Steve Weber (603) 271-2461
John Kanter (603) 271-2461
Liza Poinier (603) 271-3211
December 11, 2003

Congress Gives Boost to New Hampshire's Wildlife Programs

CONCORD, N.H. -- New federal funds amounting to $615,000 will flow into New Hampshire as its 2004 share of State Wildlife Grants, the nation's core program for preventing wildlife from becoming endangered. The funding is within the Interior Appropriations Bill signed by the President on November 10, 2003.

"We thank New Hampshire's Congressional delegation and our other supporters, whose efforts have created wildlife conservation opportunities even during difficult budget times," said Lee E. Perry, Executive Director of the New Hampshire Fish and Game Department. Putting these wildlife dollars to work now will save the state money in the future, he noted, because "keeping wildlife off the Endangered Species List is considerably more economical and successful than recovering a species once it's in trouble."

All four members of New Hampshire's Congressional delegation voted in support of the appropriations bill. Seventy-three members of the House of Representatives and 33 Senators, including U.S. Senators Judd Gregg and John E. Sununu and Congressman Charlie Bass, signed letters seeking a substantial increase in funding. Sen. Gregg, who helped the program get its start four years ago, played a significant role in assuring this year's increase as a member of the Senate Appropriations Sub-Committee on the Interior.

The State Wildlife Grants program provides critical funding for hundreds of species not hunted, fished for or trapped in New Hampshire. As in most states, N.H. Fish and Game activities have been funded chiefly through sportsmen and women's dollars from hunting and fishing license sales and excise taxes on gear. While these sportsmen's funds have proved successful in restoring and managing game populations, according to Perry, there has not been enough to go around to safeguard the full spectrum of wildlife and the habitats they depend on.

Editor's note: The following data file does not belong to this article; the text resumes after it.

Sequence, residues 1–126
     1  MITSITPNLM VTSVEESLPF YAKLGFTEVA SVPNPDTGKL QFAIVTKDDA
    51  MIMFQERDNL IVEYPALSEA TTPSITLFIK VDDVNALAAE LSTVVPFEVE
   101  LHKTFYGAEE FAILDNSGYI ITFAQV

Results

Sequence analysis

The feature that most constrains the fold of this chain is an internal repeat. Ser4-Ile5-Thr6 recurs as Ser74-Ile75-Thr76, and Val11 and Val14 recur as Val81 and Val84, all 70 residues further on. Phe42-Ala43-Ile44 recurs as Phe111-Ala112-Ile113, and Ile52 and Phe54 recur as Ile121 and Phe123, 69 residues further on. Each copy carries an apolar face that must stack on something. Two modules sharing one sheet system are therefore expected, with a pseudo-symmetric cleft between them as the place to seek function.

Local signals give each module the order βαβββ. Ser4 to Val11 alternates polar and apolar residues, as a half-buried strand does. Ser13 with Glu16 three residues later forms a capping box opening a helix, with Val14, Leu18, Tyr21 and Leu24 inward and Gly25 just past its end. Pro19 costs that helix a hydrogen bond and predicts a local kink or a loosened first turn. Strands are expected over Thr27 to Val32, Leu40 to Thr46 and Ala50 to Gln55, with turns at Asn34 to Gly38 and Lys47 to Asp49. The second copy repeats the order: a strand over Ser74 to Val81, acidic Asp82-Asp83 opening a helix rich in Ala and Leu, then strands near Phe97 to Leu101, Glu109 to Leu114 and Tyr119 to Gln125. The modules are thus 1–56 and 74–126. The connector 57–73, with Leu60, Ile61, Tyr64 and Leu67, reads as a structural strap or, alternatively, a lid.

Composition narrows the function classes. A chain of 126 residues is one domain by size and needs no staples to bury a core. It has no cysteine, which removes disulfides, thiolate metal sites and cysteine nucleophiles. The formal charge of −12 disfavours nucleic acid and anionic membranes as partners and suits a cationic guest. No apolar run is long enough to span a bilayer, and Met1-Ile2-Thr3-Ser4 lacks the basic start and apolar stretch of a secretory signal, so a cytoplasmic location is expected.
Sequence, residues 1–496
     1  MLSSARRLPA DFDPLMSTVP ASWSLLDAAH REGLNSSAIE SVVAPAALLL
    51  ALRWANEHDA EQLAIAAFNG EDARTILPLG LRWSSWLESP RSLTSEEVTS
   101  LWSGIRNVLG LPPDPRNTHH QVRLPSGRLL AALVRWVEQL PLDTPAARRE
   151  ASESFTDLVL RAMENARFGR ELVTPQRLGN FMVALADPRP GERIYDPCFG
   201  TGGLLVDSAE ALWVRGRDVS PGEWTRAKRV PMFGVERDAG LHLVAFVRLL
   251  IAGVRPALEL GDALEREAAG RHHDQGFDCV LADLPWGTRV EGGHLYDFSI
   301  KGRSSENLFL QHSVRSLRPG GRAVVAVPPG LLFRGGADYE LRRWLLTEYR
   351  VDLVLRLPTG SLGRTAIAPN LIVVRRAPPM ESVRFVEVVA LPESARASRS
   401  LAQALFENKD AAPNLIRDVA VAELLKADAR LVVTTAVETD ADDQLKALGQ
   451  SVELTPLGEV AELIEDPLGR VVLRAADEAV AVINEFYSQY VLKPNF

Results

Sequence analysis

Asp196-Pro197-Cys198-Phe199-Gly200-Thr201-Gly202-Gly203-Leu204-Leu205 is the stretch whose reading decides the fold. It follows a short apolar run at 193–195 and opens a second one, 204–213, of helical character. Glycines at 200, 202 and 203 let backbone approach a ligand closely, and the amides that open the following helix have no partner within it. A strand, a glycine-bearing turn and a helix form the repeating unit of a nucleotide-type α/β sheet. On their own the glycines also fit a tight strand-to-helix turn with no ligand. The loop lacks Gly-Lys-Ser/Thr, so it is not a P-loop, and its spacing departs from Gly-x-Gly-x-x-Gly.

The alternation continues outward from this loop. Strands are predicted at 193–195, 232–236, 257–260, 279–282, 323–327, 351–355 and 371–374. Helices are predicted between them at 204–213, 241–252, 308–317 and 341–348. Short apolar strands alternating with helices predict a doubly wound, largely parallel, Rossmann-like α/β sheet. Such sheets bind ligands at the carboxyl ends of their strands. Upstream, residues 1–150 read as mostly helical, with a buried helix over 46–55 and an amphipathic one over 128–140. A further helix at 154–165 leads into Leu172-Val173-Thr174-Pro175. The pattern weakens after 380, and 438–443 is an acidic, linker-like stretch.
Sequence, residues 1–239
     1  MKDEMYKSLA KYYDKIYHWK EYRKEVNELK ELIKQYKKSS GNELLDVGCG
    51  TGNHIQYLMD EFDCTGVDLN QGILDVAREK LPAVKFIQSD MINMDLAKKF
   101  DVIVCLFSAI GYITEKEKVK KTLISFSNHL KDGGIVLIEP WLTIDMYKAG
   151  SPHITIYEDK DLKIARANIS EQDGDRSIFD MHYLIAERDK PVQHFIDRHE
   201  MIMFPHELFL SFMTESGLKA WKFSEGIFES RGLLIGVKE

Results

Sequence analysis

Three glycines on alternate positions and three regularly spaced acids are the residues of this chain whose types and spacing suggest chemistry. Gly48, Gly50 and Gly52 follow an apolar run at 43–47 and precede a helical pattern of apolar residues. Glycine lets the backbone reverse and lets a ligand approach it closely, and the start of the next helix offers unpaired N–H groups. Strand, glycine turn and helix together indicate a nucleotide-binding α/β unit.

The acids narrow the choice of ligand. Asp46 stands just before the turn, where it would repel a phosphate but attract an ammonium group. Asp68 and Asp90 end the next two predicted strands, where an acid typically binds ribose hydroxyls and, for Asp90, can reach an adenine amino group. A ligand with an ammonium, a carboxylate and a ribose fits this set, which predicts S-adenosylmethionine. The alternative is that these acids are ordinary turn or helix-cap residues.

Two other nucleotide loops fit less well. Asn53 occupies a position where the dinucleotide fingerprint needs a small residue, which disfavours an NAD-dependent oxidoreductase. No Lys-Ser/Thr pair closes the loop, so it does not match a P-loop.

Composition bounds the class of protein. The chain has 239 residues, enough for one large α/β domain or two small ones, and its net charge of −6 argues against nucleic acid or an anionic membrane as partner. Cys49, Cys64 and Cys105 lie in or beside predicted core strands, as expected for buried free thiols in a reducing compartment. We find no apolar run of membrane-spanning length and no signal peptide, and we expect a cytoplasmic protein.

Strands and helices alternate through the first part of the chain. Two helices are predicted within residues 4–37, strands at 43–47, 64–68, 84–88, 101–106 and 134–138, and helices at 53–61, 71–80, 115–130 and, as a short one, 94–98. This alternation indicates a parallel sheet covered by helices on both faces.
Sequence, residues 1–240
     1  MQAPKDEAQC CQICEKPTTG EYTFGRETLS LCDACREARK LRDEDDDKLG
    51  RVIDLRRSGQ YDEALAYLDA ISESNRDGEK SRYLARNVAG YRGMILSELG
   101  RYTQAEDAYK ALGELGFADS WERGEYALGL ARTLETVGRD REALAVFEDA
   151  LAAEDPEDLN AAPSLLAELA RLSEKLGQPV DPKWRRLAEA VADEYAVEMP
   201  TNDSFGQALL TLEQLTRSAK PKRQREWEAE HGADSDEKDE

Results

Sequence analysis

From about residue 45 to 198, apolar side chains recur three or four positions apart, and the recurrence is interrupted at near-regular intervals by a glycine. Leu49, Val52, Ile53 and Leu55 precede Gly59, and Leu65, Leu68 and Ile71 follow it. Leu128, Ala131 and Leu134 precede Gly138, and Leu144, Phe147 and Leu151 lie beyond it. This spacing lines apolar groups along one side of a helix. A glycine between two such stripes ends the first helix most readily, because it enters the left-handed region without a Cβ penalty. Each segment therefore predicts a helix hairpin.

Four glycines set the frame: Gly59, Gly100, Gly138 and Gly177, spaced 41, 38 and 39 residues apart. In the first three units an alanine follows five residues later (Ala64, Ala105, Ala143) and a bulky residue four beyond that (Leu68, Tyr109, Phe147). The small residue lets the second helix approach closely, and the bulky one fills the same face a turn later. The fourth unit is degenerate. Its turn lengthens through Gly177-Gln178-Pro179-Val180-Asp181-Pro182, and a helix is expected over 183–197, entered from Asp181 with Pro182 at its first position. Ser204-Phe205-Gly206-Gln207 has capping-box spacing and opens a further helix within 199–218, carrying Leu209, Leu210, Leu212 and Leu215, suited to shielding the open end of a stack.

"These funds support our two-pronged approach to conservation," says John Kanter, coordinator of New Hampshire's Nongame and Endangered Wildlife Program for Fish and Game. "For species like the Karner blue butterfly, piping plover and common tern, we need to aggressively restore habitats and protect existing populations so we don't lose them." For an array of other at-risk species, Kanter notes, "we need to identify and develop strategies to protect the most significant habitats with thorough analysis and timely planning."

New Hampshire's Nongame and Endangered Wildlife Program is currently focusing its State Wildlife Grant-funded efforts on a comprehensive wildlife conservation plan for the entire state. A broad spectrum of people, agencies and organizations, including local landowners and land managers, is involved in compiling and mapping local wildlife and habitat data; the next step is developing a suite of strategies to conserve wildlife, especially species of concern, taking into consideration biological, social and economic factors. In the past several years, the Nongame Program has used State Wildlife Grant funds to study and protect piping plovers, common and roseate terns, pine martens, Blanding's turtles and New England cottontails, plus other rare species and their habitats.

A coalition of 3,000 groups called Teaming With Wildlife has been instrumental in gaining key bipartisan support for State Wildlife Grants. Coalition members range from sportsmen and women to birdwatchers and outdoor-related businesses. For more information about State Wildlife Grants and the Teaming with Wildlife Coalition, visit

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